men get a jovial reception, and Mars, where the
military get the best of the sidewalk to such an extent
that folks can hardly stand it. Finally, he drew them a
heavenly picture of the delights of Venus.
"And when we get back from that expedition," said the
indefatigable narrator, "they'll decorate us with the Southern
Cross that shines up there in the Creator's button-hole."
"Ay, and you'd have well earned it!" said the sailors.
Thus passed the long evenings on the forecastle in
merry chat, and during the same time the doctor went on
with his instructive discourses.
One day the conversation turned upon the means of
directing balloons, and the doctor was asked his opinion
"I don't think," said he, "that we shall succeed in finding
out a system of directing them. I am familiar with
all the plans attempted and proposed, and not one has
succeeded, not one is practicable. You may readily
understand that I have occupied my mind with this subject,
which was, necessarily, so interesting to me, but I have
not been able to solve the problem with the appliances
now known to mechanical science. We would have to
discover a motive power of extraordinary force, and
almost impossible lightness of machinery. And, even then,
we could not resist atmospheric currents of any considerable
strength. Until now, the effort has been rather to
direct the car than the balloon, and that has been one
"Still there are many points of resemblance between a
balloon and a ship which is directed at will."
"Not at all," retorted the doctor, "there is little or no
similarity between the two cases. Air is infinitely less
dense than water, in which the ship is only half submerged,
while the whole bulk of a balloon is plunged in the atmosphere,
and remains motionless with reference to the element
that surrounds it."
"You think, then, that aerostatic science has said its
"Not at all! not at all! But we must look for another
point in the case, and if we cannot manage to guide our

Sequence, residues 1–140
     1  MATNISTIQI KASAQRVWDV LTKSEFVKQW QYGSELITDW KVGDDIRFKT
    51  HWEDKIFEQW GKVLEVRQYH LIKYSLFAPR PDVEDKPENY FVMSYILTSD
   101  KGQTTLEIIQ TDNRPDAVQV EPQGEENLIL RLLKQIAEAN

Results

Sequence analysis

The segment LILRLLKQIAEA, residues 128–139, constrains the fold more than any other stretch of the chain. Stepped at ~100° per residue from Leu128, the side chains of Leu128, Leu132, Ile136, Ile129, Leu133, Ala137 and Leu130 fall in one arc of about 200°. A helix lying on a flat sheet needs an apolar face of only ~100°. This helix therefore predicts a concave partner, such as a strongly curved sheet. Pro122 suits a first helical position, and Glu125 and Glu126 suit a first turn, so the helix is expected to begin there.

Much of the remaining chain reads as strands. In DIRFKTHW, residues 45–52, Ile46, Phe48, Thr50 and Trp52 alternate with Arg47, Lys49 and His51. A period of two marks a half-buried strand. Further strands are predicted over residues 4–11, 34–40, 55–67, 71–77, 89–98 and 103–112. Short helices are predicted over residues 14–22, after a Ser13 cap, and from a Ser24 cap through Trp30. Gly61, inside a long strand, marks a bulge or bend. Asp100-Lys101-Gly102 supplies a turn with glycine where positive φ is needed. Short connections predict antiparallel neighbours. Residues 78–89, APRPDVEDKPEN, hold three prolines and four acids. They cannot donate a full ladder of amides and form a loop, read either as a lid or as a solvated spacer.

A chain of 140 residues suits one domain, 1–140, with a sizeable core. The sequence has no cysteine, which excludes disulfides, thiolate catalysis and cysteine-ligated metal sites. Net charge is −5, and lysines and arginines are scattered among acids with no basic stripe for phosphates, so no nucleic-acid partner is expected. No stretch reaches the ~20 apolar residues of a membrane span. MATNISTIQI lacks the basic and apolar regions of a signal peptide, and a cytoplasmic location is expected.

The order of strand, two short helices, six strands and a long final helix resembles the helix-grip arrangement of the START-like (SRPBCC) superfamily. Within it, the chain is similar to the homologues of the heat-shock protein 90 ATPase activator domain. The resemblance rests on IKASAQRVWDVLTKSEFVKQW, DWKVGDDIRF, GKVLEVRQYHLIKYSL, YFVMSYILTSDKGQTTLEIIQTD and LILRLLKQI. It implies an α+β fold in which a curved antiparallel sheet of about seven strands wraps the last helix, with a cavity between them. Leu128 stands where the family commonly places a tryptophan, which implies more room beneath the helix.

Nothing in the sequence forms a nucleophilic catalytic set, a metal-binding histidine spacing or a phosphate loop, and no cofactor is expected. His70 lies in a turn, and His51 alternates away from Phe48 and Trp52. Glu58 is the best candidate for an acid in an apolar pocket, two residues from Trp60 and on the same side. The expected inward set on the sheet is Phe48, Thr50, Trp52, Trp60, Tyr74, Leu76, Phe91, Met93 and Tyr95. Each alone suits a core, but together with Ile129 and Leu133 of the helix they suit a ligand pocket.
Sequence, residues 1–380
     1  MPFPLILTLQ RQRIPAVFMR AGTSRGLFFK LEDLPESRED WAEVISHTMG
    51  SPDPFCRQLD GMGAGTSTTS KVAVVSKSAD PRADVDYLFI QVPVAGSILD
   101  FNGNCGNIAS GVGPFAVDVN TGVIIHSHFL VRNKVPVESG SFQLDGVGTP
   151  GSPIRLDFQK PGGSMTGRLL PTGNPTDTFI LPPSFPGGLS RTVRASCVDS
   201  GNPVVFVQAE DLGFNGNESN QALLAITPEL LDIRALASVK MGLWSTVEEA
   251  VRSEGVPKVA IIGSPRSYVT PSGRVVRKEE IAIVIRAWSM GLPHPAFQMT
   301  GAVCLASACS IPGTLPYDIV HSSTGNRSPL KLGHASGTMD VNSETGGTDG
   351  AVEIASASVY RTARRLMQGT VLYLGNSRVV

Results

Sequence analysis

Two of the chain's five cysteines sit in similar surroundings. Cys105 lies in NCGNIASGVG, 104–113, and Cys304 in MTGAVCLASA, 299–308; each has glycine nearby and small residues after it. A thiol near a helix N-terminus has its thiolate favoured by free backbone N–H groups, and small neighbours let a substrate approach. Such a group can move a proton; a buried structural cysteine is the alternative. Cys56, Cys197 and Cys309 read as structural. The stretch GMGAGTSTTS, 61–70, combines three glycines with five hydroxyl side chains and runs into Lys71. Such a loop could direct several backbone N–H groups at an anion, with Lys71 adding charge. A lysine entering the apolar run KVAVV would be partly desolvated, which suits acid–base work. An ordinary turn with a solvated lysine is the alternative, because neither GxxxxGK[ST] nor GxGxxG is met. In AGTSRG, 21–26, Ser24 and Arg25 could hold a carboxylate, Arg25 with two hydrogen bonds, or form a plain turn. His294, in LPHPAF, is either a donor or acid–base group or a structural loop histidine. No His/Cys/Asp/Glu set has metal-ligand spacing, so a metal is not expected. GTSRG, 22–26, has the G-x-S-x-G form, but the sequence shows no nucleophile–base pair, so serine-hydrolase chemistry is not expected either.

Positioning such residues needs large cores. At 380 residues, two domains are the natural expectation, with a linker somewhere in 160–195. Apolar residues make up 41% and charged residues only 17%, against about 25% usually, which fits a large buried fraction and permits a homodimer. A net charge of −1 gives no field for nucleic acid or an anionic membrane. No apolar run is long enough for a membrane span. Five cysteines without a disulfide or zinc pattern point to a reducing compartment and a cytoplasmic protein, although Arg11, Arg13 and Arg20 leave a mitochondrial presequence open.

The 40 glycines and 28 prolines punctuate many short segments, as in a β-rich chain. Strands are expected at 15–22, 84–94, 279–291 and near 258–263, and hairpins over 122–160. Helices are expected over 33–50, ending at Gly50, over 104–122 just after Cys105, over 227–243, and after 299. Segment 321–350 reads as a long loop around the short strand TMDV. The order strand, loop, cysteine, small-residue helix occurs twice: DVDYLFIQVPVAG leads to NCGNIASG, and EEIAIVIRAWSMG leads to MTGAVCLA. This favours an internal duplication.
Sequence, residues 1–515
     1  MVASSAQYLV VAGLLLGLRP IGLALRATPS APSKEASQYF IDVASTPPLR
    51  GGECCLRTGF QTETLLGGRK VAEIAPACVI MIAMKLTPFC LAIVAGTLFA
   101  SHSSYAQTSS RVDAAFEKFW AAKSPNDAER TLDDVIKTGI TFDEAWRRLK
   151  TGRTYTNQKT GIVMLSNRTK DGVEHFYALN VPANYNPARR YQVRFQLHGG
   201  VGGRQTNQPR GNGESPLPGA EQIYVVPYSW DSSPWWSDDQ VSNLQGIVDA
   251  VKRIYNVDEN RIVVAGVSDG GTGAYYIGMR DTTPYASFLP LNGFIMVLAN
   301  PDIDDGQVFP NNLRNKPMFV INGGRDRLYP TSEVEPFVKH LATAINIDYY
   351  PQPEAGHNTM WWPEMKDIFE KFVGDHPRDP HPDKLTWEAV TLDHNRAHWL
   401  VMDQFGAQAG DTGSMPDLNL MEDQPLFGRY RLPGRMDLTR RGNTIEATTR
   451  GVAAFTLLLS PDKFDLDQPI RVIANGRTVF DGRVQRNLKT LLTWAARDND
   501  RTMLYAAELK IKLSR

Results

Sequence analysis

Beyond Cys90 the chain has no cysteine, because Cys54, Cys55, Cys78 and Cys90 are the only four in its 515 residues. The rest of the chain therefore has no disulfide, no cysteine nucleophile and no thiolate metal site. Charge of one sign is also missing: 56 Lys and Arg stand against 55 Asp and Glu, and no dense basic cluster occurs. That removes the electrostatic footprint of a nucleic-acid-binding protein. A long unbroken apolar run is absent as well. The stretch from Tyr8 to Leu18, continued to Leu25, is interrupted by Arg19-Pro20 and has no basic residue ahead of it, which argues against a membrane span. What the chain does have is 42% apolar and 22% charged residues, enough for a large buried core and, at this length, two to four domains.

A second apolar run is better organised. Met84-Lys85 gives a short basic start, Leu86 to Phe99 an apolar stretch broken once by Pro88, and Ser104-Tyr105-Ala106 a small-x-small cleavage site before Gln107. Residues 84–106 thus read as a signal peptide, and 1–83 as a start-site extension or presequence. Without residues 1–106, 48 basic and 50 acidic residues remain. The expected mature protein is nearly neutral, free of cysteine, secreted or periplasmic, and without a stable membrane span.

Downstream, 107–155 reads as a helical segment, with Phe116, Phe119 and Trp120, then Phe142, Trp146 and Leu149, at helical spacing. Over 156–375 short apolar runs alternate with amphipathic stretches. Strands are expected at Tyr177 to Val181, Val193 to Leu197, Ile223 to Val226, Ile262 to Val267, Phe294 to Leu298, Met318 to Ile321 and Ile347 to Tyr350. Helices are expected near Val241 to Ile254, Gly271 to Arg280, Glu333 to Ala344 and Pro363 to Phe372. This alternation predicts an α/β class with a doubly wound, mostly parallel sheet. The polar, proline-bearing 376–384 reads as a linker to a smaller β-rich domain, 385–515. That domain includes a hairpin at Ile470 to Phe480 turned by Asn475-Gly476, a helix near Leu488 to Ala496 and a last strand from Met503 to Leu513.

balloon, we must, at least, try to keep it in favorable aerial
currents. In proportion as we ascend, the latter become
much more uniform and flow more constantly in one direction.
They are no longer disturbed by the mountains and
valleys that traverse the surface of the globe, and these,
you know, are the chief cause of the variations of the wind
and the inequality of their force. Therefore, these zones
having been once determined, the balloon will merely have
to be placed in the currents best adapted to its destination."
"But then," continued Captain Bennet, "in order to reach them,
you must keep constantly ascending or descending. That is the
real difficulty, doctor."
"And why, my dear captain?"
"Let us understand one another. It would be a difficulty
and an obstacle only for long journeys, and not for
short aerial excursions."
"And why so, if you please?"
"Because you can ascend only by throwing out ballast;
you can descend only after letting off gas, and by these
processes your ballast and your gas are soon exhausted."
"My dear sir, that's the whole question. There is the
only difficulty that science need now seek to overcome.
The problem is not how to guide the balloon, but how to
take it up and down without expending the gas which is
its strength, its life-blood, its soul, if I may use the
"You are right, my dear doctor; but this problem is
not yet solved; this means has not yet been discovered."
"I beg your pardon, it HAS been discovered."
"You may readily believe that otherwise I should not
have risked this expedition across Africa in a balloon. In
twenty-four hours I should have been without gas!"
"But you said nothing about that in England?"
"No! I did not want to have myself overhauled in
public. I saw no use in that. I made my preparatory
experiments in secret and was satisfied. I have no occasion,
then, to learn any thing more from them."
"Well! doctor, would it be proper to ask what is
"Here it is, gentlemen--the simplest thing in the
The attention of his auditory was now directed to the
doctor in the utmost degree as he quietly proceeded with